An area of some 118,000 square kilometres (46,000 square miles) (one fifth is Lake Malawi) makes Malawi one of the smallest countries in the region. Its neighbour, Zambia, occupies over six times the area. Malawi is similar in size to Cuba; less than half that of the United Kingdom. At approximately 900 kilometres (560 miles) long and varying widths never more than one third of its length, the country is clearly elongated north-south along the line of the Rift Valley in which Lake Malawi sits.
This elongated shape of Malawi lends itself to a 3-way regional division: North, Central and South. The diversity for which Malawi is famed is reflected both between these regions and within each one. A Malawi tour that combines elements of landscape, wildlife, lake and culture can be undertaken in each of the regions; yet such a combination will give a different experience in each region.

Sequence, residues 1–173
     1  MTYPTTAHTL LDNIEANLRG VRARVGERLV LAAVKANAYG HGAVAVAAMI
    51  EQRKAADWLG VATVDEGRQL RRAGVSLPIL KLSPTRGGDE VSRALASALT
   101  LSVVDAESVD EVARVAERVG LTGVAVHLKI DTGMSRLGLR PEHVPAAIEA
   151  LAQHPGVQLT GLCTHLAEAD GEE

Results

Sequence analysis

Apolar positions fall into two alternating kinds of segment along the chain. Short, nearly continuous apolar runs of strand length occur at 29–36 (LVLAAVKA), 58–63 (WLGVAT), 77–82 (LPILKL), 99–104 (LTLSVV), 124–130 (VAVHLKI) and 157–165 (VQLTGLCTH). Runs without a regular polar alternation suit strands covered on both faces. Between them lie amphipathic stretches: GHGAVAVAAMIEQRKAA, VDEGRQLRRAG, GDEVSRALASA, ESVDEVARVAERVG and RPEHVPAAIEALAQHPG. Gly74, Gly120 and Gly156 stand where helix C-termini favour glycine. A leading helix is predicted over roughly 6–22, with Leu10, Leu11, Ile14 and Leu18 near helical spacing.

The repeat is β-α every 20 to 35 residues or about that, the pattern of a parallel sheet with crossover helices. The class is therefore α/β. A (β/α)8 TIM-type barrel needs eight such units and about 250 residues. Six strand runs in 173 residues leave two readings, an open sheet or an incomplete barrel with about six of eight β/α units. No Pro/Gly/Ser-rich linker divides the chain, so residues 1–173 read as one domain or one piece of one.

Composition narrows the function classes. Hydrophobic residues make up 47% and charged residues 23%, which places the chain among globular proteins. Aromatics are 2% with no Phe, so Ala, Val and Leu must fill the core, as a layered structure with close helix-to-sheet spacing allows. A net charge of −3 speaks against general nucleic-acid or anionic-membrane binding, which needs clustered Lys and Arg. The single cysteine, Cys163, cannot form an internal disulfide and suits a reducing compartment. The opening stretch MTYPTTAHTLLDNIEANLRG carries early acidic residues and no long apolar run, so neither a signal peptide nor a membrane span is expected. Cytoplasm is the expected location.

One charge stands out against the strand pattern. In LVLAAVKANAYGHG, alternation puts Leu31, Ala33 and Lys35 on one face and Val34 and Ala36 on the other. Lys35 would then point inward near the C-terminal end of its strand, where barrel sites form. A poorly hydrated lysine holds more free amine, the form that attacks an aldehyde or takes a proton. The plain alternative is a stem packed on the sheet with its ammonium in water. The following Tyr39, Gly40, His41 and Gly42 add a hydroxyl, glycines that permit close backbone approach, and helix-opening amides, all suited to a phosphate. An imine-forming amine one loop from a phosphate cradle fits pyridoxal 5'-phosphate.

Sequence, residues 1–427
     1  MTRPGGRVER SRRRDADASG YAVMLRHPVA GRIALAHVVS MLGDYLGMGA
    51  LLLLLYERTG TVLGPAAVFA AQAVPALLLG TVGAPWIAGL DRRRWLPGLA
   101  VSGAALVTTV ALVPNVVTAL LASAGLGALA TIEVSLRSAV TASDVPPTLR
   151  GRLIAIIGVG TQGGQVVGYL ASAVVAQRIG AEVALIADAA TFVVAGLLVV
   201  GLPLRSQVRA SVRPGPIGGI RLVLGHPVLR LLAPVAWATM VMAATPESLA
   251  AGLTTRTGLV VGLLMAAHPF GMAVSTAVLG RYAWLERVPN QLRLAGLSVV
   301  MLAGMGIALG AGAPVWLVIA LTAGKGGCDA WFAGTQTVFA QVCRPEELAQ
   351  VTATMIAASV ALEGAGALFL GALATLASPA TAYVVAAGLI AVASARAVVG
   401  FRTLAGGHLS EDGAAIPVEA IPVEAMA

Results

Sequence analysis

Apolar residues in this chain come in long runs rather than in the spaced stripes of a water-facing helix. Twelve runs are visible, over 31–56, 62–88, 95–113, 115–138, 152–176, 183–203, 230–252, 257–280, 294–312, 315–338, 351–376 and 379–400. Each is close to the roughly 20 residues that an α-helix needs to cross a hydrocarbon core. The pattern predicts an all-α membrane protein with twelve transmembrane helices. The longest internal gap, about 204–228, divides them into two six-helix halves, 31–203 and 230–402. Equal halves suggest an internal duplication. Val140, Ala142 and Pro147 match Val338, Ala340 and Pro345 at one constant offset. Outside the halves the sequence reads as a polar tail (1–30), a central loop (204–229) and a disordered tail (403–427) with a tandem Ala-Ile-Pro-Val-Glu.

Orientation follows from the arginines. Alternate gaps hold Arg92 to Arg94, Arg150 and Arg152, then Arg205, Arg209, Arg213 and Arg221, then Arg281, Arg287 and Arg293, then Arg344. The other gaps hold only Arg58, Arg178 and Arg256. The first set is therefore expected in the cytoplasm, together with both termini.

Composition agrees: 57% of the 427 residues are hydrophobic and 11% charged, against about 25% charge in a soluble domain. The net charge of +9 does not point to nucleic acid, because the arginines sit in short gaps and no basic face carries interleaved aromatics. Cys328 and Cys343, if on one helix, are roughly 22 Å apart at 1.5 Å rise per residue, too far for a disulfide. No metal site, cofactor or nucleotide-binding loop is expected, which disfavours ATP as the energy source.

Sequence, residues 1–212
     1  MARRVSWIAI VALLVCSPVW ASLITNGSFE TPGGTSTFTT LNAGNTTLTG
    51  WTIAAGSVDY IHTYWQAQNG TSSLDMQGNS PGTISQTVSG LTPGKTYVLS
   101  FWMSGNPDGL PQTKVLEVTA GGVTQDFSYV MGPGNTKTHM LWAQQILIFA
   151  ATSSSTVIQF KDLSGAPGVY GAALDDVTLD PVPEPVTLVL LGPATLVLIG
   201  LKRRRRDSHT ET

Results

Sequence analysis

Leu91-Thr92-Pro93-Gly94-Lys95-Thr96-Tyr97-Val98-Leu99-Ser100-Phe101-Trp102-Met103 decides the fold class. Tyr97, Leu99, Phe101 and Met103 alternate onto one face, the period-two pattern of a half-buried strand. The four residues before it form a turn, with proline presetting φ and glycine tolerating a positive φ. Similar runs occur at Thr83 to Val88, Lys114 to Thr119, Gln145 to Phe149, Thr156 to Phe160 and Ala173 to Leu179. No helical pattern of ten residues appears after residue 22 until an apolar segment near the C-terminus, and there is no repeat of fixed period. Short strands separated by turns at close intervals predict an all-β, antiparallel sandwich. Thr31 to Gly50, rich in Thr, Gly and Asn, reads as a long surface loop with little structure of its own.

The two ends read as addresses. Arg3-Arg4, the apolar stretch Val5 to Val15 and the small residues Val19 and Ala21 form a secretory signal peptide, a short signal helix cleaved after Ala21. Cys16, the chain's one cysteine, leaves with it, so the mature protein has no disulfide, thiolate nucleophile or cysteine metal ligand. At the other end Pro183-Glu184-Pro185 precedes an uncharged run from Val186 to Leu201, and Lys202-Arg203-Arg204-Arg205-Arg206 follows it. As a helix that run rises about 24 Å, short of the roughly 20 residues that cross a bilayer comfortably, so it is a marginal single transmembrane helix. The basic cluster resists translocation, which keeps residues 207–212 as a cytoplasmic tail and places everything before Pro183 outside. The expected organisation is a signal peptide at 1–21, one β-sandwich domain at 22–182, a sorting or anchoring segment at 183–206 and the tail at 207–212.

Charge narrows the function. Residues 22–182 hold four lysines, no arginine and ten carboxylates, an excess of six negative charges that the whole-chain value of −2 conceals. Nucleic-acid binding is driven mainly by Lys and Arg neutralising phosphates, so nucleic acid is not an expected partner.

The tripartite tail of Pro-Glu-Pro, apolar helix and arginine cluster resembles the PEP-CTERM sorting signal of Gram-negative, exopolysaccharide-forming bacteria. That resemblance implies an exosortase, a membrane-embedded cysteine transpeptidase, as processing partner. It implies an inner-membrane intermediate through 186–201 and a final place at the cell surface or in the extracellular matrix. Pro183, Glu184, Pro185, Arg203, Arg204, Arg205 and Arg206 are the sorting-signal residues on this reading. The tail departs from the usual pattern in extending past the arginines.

South Malawi is the most populated and developed region, with a wide variety of landscapes, including as it does the highest and lowest points in the country. Blantyre, the commercial capital, and Zomba, the old colonial capital, are in the south. This region has 5 National Parks and Wildlife Reserves, including the Lake Malawi National Park, and a number of forested highland areas.
Central Malawi is home to the country’s capital, and most common point of entry, Lilongwe. Most of the region lies on the Central African Plateau and so the scenic highlights come from the hills sitting atop the plateau, and the escarpments that descend into the Rift Valley and down to Lake Malawi. It has one National Park and one Wildlife Reserve.
North Malawi is the least populated of Malawi’s regions, with the regional capital, Mzuzu less than one-fifth the size of Lilongwe or Blantyre. It is, on average, the highest of the regions, characterised by unique highland areas and dramatic lake shorelines. It has one National Park and one Wildlife Reserve.